08 July, 2011
How Does Licorice Root Help Lower Libido?
If you thought licorice was just a treat, think again. Licorice root displays a number of actions within the body and features in the treatment plans of many herbalists. Although it is primarily used as a remedy for the adrenal glands, licorice does have other uses. Because it affects steroid hormones, its effect on sex hormones has drawn attention from individuals who wish to lower libido.
Over the course of the past few centuries, licorice has featured in a variety of treatment protocols in traditional Chinese medicine as well as a number of recipes for sweets. Beyond it's distinctive flavor, alternative practitioners now make use of its effects on the body to balance the adrenal glands, which can have significant effects on the sex hormones.
Libido and sex drive fall under the control of the sex hormones, in particular testosterone and estrogen. Both of these hormones are stimulated through the hypothalamic-pituitary-gonad axis, which works on reduced feedback. When levels of these hormones drop, the hypothalamus senses this, prompting the pituitary gland to send a signal to the testes or ovaries to increase production. Receptors in the brain responsible for sex drive require sufficient levels of the hormones to bind to them, which explains why low testosterone counts correlate to low libido. Although many people consider testosterone, an androgenic hormone, to only affect males, it also confers notable effects on females, too. Michael Colgan, a nutritionist and author of 18 books on natural health, notes how the lowered testosterone found in women after menopause often results in low libido.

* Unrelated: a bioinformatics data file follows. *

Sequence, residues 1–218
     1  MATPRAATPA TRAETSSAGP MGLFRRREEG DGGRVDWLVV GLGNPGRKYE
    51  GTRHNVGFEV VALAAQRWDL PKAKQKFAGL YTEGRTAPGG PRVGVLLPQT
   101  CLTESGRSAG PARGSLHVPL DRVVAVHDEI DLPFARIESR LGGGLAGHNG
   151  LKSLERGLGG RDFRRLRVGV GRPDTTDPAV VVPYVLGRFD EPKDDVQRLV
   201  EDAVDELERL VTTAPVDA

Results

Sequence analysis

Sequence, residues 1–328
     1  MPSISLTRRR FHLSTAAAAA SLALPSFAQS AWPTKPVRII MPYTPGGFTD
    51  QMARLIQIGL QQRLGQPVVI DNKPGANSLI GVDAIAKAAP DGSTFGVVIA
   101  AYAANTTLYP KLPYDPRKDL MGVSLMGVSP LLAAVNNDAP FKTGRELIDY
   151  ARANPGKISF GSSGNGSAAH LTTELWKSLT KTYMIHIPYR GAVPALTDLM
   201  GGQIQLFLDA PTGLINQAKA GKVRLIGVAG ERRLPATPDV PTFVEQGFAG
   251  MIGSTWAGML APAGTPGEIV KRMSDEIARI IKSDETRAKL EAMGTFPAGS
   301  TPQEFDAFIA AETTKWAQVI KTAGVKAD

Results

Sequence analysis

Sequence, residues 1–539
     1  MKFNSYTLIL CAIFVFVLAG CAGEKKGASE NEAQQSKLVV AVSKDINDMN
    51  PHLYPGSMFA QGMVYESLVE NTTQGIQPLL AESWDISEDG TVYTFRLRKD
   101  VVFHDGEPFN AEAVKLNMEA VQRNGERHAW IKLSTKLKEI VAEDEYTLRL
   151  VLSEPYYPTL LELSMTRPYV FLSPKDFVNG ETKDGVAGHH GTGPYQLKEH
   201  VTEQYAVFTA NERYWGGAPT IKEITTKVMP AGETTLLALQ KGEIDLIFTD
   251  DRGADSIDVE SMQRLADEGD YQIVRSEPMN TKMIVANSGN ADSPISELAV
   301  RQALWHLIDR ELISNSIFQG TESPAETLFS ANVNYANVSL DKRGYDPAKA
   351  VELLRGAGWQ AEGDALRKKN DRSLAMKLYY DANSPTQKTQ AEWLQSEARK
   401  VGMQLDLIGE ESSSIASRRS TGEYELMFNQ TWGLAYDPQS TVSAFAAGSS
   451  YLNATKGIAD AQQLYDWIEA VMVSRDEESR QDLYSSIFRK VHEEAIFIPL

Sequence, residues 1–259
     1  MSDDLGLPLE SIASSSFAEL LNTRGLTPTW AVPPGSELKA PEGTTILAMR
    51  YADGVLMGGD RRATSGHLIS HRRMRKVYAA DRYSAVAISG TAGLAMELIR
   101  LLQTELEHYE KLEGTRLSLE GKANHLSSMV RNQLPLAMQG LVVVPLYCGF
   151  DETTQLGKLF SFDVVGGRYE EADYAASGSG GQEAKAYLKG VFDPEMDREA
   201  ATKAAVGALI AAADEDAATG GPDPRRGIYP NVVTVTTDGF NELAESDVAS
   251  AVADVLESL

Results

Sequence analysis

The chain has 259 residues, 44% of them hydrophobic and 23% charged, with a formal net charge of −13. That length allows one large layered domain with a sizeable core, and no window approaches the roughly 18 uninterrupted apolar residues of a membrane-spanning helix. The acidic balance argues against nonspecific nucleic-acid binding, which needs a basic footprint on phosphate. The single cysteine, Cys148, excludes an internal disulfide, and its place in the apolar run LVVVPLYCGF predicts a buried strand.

Glycerrhizinic acid is considered to be the active ingredient in licorice root and is responsible for the majority of the herb's effects in the human body. The most important effect surrounds licorice root's ability to modulate cortisol levels. Researchers from the University of Maryland Medical Center note that glycerrhizinic acid inhibits the liver's ability to deactivate cortisol in circulation. As a result, serum levels of this steroid hormone rise. Cortisol helps boost blood sugar levels, provides anti-inflammatory properties and also inhibits the action of other steroid hormones by competitively binding at receptors. Higher levels of cortisol reduce the action of testosterone in this way and also by reducing stimuli for testosterone at the pituitary gland, according to Dr. Robert Kapolsky in his book on stress, “Why Zebras Don't Get Ulcers.”
A study that looked into the effect on licorice supplementation in men, published in the New England Journal of Medicine in 1999, showed that testosterone levels were reduced in those who took the licorice supplements. Further research found that 240 to 525mg of licorice root reduced testosterone by 1/3, relative to the control group, an effect they believed was related to an inhibition of the 17beta-hydroxysteroid dehydrogenase enzyme, which helps manufacture testosterone from precursor hormones.
You may find licorice root in many health food shops as a food supplement. Although it can be cultivated in the wild, most consumption of the herb occurs through capsules or teas. To use licorice root medicinally, a standardized extract provides a reliable dose of the active ingredient, glycerrhizinic acid.
- University of Maryland Medical Center: Licorice Root
- PubMed: Reduction of Serum Testosterone in Men by Licorice
- PubMed: Glycyrrhizin and Serum Testosterone Concentrations in Male Patients With Type 2 Diabetes
- "Hormonal Health"; Dr. Michael Colgan; 2002
- "Why Zebras Don't Get Ulcers"; Dr. Robert Kapolsky; 2002
- Hemera Technologies/PhotoObjects.net/Getty Images